Doctor insights on:
Nasogastric Tube Drainage
Nasogastric tube: A nasogastric tube is used to evacuate stomach contents. It is commonly used in surgery when the stomach contents need to be removed, or when the GI tract cannot move things through on it own (as with bowel obstruction). An ng tube can also be used in the emergency room to administer medications or remove poisons or overdoses. They go through the nose to prevent the gag reflex, and can stay there.
Discharge can be a noun or a verb; it has multiple meanings in physics, chemistry, military, and legal usage. The most common medical meaning is a substance that is being excreted. Examples: pus is the discharge from a pimple; a vaginal discharge can mean infection; an ear discharge can mean an infection of the outer ear tract; a nasal discharge ...Read more
No: Long term use of nasogastric tube can cause erosion to the nose and nostrils and can cause all kind of sinus problems if tube feeding warranted the use PEG tube which a tube that could go directly to the stomach via the abdomen bypassing the upper part and could be inserted by a scope no need for surgery or anesthesia and tolerated by any body regardless how sick they are it could be done bed side
Simple bypass: Ng feeding is a simple and short term way to maintain enteral (using the digestive tract) feedings to maintain adequate nutrition while a patient is not aleart enough to feed or has problems with the swallowing process. If the patient has long term needs, a tube thru the abdominal wall to the stomach can do the same thing. Good nutrition is important to healing.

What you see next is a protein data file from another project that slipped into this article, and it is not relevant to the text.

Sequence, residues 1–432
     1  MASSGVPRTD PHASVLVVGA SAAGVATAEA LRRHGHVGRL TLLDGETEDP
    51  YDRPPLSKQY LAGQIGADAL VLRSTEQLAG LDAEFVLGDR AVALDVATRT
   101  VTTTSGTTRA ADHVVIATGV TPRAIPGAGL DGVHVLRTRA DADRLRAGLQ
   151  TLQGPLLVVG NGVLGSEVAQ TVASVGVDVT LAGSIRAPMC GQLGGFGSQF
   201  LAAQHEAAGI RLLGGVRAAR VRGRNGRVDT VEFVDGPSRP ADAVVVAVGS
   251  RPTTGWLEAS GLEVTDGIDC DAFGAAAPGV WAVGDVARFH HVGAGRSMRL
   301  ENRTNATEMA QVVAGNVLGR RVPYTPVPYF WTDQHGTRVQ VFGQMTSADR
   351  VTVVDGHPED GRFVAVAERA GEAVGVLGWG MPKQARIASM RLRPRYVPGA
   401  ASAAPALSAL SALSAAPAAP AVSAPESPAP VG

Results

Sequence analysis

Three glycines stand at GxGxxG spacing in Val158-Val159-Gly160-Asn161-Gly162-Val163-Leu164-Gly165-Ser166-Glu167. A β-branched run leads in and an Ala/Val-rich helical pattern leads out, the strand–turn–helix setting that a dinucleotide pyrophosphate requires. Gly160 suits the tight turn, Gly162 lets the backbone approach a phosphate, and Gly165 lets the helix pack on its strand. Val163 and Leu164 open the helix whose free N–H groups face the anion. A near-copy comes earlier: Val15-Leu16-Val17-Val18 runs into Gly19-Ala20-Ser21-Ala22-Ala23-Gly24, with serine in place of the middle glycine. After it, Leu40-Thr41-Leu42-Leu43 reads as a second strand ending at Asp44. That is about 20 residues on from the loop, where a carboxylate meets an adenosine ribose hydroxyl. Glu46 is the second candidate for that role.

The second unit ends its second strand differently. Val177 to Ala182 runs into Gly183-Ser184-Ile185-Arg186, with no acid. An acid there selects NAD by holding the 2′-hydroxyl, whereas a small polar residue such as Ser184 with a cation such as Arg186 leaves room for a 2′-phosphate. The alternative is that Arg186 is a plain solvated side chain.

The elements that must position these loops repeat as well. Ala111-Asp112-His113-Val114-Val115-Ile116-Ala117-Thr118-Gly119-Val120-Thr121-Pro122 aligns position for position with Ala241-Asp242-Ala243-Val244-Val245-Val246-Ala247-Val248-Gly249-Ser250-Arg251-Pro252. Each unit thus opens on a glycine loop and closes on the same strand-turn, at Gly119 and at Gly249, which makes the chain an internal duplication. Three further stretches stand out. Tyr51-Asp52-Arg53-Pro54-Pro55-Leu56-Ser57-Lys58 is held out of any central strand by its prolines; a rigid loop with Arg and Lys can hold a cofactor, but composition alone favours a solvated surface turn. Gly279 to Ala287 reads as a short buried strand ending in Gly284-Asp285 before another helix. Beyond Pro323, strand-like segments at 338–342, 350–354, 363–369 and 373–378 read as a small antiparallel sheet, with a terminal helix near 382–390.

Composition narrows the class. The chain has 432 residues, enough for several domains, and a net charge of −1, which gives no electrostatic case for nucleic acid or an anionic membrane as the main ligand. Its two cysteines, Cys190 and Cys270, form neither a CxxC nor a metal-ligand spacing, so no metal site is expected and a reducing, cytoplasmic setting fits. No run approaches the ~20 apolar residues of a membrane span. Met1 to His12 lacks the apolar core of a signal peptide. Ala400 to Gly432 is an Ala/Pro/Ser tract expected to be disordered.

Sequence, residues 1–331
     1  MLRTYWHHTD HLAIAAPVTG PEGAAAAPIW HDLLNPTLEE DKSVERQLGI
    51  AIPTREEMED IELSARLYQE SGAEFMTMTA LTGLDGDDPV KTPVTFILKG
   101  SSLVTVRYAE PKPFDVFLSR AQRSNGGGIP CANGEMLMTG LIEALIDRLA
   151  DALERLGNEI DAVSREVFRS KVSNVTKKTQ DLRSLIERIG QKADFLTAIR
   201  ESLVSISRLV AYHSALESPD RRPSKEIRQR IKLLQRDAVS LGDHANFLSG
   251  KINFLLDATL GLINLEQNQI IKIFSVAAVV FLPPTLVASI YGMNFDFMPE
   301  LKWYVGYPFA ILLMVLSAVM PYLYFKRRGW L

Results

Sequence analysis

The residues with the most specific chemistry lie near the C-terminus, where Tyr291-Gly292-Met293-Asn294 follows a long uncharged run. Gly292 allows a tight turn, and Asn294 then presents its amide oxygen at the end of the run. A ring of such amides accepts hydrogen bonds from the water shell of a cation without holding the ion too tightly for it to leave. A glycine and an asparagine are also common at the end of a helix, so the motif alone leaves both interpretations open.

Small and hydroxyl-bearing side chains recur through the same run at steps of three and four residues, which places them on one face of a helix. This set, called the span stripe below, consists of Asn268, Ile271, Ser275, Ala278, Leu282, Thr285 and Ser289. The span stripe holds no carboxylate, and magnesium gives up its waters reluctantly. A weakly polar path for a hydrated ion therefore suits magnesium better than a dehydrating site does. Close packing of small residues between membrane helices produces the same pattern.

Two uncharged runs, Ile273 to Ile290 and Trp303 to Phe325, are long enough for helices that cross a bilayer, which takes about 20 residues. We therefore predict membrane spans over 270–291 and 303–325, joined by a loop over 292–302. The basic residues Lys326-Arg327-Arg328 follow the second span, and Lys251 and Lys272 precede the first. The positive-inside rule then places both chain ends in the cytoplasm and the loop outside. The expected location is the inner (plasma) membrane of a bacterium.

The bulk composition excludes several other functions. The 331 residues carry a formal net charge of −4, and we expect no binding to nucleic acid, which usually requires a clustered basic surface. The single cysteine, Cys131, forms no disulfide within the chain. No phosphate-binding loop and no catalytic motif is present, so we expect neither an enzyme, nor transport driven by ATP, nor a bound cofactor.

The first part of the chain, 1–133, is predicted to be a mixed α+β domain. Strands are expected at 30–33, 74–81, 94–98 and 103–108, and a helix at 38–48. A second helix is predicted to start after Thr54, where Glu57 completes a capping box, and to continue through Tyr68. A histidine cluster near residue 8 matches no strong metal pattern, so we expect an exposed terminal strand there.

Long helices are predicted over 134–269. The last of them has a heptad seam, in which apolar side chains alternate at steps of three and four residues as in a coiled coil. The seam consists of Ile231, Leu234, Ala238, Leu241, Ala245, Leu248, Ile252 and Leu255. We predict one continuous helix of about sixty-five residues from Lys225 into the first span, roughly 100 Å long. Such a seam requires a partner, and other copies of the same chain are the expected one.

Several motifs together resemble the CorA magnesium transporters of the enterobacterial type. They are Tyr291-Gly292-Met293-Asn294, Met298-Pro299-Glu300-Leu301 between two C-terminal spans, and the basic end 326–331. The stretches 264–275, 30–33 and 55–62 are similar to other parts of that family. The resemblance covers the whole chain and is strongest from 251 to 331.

No.: I don't see this as helpful, and it certainly does not address the core of the problem.
Location: The location of the tube tells which one it is. A nasogastric tube is a temporary tube placed through the nose into the stomach. It can be used to remove fluid from the stomach, or used for instilling liquid food. A gastrostomy tube is a surgically placed tube through the abdominal skin into the stomach, usually used for longer term nutritional liquid feeding.
Depends...: If someone is vomiting blood, it could be used to determine if there is ongoing bleeding. If someone has a bowel obstruction, you might be looking for the volume of fluid from the stomach to decrease to show that the intestines are beginning to work again. Sometimes it is checked after a feeding is given to make sure that the stomach is properly emptying.
Depends, usually yes: Most ng tubes are designed to be left in place as long as they are needed for drainage and/or feeding after serious injury/illness or when recovering from major surgeries on the digestive tract. Replacing an ng tube, especially after certain types of surgery, may actually risk causing new injury. If we expect to need a tube for more than 4-6 weeks, a more permanent tube may be placed surgically.
No: On occasions, it can be life saving. If someone is unable to talk food orally, the next best approach is a feeding tube, either through the nose or percutaneously, which would be for long-term use. An esophagostomy tube is used for drainage of the esophagus, and is not used as a feeding tube.